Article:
samba-client.i386 : Samba client programs

samba-common.i386 : Files used by both Samba servers and clients

python-smbpasswd.i386 : Python SMB Password Hash Generator Module

samba.i386 : The Samba Suite of programs

snort.i386 : Intrusion detection system

libsmbclient.i386 : The SMB client library

libsmbclient.i386 : The SMB client library

system-config-samba.noarch : Samba server configuration tool

samba.i386 : The Samba Suite of programs

libsmbclient-devel.i386 : Developer tools for the SMB client library

mod_auth_ntlm_winbind.i386 : NTLM authentication for the Apache web server using winbind daemon

samba-common.i386 : Files used by both Samba servers and clients

fuse-smb.i386 : FUSE-Filesystem to fast and easy access remote resources via SMB

ccache.i386 : C/C++ compiler cache

samba-client.i386 : Samba client programs

amanda.i386 : A network-capable tape backup solution.

ccache.i386 : C/C++ compiler cache

nautilus-share.i386 : Easy sharing folder via Samba (CIFS protocol)

samba-doc.i386 : Documentation for the Samba suite

pam_mount.i386 : A PAM module that can mount volumes for a user session

samba-common.i386 : Files used by both Samba servers and clients

rzip.i386 : A large-file compression program

samba-swat.i386 : The Samba SMB server Web configuration program

perl-Crypt-SmbHash.noarch : Pure-perl Lanman and NT MD4 hash functions

libsmbclient-devel.i386 : Developer tools for the SMB client library

samba-doc.i386 : Documentation for the Samba suite

php-pear-File-SMBPasswd.noarch : Class for managing SAMBA style password files

libsmbclient.i386 : The SMB client library

libntlm.i386 : NTLM authentication library

 

I'm not quite sure what that means. Do you see anything that is missing? Is there something I have missed? Anything I need to configure to get samba to work?

Backing up a bit, I tried browsing the Windows Network, but it is showing up empty. I guess I need to figure out how to see other computers (and shared directories/drives) on the network before I'll succeed at mounting the drive...

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Backing up a bit, I tried browsing the Windows Network, but it is showing up empty.

 

i dont have the box to hand, but try this as root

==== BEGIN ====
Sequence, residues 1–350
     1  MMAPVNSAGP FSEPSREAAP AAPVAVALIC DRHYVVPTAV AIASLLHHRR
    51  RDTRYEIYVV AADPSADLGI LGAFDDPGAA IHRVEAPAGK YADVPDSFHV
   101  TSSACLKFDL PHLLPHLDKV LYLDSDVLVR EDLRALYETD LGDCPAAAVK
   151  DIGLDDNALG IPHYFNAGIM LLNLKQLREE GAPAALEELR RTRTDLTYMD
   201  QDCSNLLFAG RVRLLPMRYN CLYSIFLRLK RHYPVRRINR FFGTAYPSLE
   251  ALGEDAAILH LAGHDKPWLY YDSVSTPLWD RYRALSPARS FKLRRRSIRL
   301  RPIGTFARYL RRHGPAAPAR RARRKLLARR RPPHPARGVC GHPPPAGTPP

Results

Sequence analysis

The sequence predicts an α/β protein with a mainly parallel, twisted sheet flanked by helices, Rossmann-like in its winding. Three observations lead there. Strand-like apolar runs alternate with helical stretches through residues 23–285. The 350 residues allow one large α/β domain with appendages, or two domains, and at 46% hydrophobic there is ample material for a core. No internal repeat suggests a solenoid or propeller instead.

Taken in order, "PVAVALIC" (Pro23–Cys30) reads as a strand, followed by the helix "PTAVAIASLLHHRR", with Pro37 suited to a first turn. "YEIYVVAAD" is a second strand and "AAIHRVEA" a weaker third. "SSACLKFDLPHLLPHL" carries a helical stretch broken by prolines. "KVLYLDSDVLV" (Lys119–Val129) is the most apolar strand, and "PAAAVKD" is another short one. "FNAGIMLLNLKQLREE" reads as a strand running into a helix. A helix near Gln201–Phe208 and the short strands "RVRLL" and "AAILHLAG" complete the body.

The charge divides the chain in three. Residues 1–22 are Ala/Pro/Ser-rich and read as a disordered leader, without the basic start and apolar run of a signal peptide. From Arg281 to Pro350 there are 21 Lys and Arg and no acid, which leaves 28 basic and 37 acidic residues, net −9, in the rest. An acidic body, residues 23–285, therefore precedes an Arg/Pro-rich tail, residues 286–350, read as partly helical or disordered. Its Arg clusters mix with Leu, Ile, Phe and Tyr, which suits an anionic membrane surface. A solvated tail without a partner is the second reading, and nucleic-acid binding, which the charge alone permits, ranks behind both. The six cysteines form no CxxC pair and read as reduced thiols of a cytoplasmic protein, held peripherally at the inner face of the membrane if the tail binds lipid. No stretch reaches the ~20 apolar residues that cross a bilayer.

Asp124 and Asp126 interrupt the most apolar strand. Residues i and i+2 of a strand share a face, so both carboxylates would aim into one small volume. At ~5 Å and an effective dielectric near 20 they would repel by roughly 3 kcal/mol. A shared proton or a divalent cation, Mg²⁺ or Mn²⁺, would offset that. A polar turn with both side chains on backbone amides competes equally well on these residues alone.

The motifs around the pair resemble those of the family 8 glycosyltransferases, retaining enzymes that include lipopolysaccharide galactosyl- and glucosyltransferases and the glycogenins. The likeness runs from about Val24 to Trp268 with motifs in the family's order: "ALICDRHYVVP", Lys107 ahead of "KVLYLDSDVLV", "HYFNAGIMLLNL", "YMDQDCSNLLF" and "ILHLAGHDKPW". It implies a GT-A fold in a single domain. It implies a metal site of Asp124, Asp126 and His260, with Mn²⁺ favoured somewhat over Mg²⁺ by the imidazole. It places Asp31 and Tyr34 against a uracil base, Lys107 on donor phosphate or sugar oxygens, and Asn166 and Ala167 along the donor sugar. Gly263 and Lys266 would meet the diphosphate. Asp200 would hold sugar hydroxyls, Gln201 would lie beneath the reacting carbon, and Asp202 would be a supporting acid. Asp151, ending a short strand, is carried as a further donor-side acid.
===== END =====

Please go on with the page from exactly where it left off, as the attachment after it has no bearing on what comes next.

yum install samba-client.i386 -y

 

then

 

yum install samba.i386 -y

 

does browsing the windows network show any windows computers now ?

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Thanks for hanging in there with me! I still don't see any computers when I browse the network. :-(

 

It looks like both packages were already installed:

 

[root@localhost ~]# yum install samba-client.i386 -y

fedora 100% |=========================| 2.1 kB 00:00

primary.sqlite.bz2 100% |=========================| 3.8 MB 00:06

updates 100% |=========================| 2.3 kB 00:00

adobe-linux-i386 100% |=========================| 951 B 00:00

Setting up Install Process

Parsing package install arguments

Package samba-client - 3.0.28-0.fc7.i386 is already installed.

Nothing to do

[root@localhost ~]# yum install samba.i386 -y

Setting up Install Process

Parsing package install arguments

Package samba - 3.0.28-0.fc7.i386 is already installed.

Nothing to do

[root@localhost ~]#

 

Here's another data point. I'm not quite sure what this means, but it seems to be the first time I've successfully communicated with the drive:

 

root@localhost ~]# smbclient -L 192.168.2.4/Public

Password:

Domain=[ȇ] OS=[] Server=[���]

 

Sharename Type Comment

--------- ---- -------

PUBLIC Disk

IPC$ IPC

Domain=[ȇ] OS=[] Server=[���]

 

Server Comment

--------- -------

 

Workgroup Master

--------- -------

 

Any ideas?

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ok a quick look on my Fedora 8 box (this one)

 

and I can see the following smb packages are installed

 

pam_smb

gnome-vfs2-smb

libsmbclient

samba-client

samba